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I recently took in one of my friend's male Bettas to treat it for ich (Ichthyophthirius infection). When I brought him back I noticed a film on the surface of her other Betta's tank (this one is a female). It's a small 2 gallon hexagonal tank with a mini filter, that is made for 1-3 gallons and has a very slow trickle. The same filter is powered by a pump that also runs a bubbler that she has attached by a T-valve, so both have little power. It is to my knowledge that Bettas, especially in small tanks, need little water movement due to the fact they naturally thrive in ditches and rice patties. However, what I saw made me a little concerned. Her tank has film at the top. I used her net and swiped up the film as best as I could. It wasn't sludgy, it was actually more clear, almost white as it became dry. I asked her about it and she said that only her female's tank does that. Her male is in an identical tank and he makes bubble nests all the time. She switched them from each having their own bowl to these tanks about 6 months ago and said her female's bowl had the film then, too.

I am familiar with the idea of a film being caused by a poor tank environment, algae, or not being clean enough, but her water is clear and her gravel looks clean too. I'd like to be able to recommend a fix for her if one exists, but I'm not sure if this is normal for female bettas. She has no live plants and no other fish or invertebrates in either setup, so I'm confused by there being a difference.

What could this film be? Is there a film that only females make, possibly for reproduction? Or is this a sign that maybe her tiny setup isn't doing enough? Or a mix of both?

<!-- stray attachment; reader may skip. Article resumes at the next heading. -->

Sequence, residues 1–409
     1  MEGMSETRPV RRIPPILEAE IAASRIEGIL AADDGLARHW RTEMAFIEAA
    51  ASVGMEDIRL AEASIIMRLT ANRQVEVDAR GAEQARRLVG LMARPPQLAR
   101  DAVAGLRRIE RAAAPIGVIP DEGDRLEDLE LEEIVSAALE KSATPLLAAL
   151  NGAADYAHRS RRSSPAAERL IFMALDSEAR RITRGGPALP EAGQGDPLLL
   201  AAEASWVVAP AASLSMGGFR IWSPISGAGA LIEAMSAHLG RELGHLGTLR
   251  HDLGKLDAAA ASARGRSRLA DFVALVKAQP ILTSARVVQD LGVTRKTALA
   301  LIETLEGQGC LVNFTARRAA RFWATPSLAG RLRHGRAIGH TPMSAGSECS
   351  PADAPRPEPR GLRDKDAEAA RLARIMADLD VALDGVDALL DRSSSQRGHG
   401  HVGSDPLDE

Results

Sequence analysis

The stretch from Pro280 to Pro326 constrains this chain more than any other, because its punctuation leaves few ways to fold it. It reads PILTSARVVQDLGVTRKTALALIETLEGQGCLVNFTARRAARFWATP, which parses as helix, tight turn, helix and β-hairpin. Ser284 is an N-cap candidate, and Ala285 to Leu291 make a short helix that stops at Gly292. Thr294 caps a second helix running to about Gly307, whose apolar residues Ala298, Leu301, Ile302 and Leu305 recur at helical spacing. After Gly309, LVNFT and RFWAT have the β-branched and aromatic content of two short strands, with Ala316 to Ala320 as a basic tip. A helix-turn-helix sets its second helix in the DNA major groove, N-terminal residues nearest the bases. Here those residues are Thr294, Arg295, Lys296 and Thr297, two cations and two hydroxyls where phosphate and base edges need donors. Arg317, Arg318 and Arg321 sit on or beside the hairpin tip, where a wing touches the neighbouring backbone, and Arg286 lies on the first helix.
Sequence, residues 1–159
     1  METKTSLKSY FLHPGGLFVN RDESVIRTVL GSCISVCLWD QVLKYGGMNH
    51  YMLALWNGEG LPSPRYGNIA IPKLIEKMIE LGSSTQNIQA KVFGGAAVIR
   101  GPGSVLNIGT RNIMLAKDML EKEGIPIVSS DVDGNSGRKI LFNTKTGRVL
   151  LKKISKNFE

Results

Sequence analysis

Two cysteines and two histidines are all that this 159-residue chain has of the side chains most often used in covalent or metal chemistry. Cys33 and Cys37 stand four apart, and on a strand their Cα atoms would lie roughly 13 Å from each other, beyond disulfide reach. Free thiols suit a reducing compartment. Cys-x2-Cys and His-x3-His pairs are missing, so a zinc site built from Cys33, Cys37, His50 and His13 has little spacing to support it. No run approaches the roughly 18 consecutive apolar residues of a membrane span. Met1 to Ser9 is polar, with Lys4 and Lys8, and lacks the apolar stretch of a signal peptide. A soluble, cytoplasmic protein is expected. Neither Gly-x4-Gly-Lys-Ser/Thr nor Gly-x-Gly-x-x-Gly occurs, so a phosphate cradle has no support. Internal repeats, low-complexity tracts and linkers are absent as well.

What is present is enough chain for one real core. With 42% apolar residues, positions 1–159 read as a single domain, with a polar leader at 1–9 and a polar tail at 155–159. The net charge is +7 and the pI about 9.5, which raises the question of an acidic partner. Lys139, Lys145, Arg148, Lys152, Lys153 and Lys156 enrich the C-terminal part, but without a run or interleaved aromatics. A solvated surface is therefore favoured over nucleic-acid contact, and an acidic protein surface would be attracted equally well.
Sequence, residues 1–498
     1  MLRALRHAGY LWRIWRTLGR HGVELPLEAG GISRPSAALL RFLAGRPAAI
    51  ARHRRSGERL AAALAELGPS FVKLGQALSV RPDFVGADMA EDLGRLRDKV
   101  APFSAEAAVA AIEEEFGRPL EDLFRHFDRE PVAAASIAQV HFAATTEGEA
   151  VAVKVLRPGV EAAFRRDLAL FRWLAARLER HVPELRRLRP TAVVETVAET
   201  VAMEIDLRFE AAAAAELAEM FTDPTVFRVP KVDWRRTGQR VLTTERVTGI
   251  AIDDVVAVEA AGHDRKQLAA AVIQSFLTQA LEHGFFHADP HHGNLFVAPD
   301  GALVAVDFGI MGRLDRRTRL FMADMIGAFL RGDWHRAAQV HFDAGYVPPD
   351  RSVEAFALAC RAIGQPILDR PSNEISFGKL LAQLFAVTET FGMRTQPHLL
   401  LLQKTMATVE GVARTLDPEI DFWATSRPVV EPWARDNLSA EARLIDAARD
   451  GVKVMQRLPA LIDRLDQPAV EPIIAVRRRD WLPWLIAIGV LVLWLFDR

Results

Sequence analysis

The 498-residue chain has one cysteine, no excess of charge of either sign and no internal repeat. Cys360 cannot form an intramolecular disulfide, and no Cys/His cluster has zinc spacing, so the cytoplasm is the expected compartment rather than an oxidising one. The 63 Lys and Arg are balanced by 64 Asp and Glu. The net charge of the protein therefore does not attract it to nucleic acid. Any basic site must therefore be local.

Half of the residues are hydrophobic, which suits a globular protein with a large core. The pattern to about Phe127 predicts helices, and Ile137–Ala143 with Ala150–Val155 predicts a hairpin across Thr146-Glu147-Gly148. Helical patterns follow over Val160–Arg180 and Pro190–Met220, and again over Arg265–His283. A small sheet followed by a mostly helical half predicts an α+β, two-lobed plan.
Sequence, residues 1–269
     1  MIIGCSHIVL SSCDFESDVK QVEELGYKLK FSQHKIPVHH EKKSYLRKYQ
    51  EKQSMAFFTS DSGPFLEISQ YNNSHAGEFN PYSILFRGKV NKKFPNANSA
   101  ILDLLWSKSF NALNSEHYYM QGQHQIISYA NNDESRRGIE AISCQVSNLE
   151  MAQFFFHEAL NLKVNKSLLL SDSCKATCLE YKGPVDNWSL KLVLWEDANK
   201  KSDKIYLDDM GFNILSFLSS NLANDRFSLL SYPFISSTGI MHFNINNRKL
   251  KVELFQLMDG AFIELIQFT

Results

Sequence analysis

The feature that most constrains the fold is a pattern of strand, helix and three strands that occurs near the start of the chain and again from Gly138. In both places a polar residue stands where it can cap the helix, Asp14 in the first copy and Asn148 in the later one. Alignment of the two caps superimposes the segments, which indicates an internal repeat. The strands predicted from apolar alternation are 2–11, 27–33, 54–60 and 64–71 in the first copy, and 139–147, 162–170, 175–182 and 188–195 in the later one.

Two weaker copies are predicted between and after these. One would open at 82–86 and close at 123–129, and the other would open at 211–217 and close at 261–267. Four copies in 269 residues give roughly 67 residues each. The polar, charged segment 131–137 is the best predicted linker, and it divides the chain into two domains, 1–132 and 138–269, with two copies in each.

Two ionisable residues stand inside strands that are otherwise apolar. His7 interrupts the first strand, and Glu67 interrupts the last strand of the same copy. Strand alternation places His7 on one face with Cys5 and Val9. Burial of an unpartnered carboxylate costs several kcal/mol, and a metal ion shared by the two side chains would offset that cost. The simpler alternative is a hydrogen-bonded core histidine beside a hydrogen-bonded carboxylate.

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I don't know a lot about bettas, so this answer is not complete.

A film on the water is an indication that something is not working optimally; it might be a protein film and the reasons for this can be one or all of these.

Waste from the food, waste from the fish, mucus from the skin of the fish, unfertilized eggs from the fish and the filter itself might produce proteins if the bacteria start to break it down.

No matter the reason, the film has to be removed manually as it blocks the gas exchange across the water-air interface.

Simply removing the film might actually be the cure just by increasing the gas exchange, so the water absorbs more oxygen and makes the biological processes run more effectively and the problem might never return.

Remember this is an answer but it might not be the answer, the film might be from fat/oil from the fish food, it might even be from the hands of the owner (I am not saying that it is), it might even be pollen from the outside of the house.

No matter what it is, it needs to be removed.

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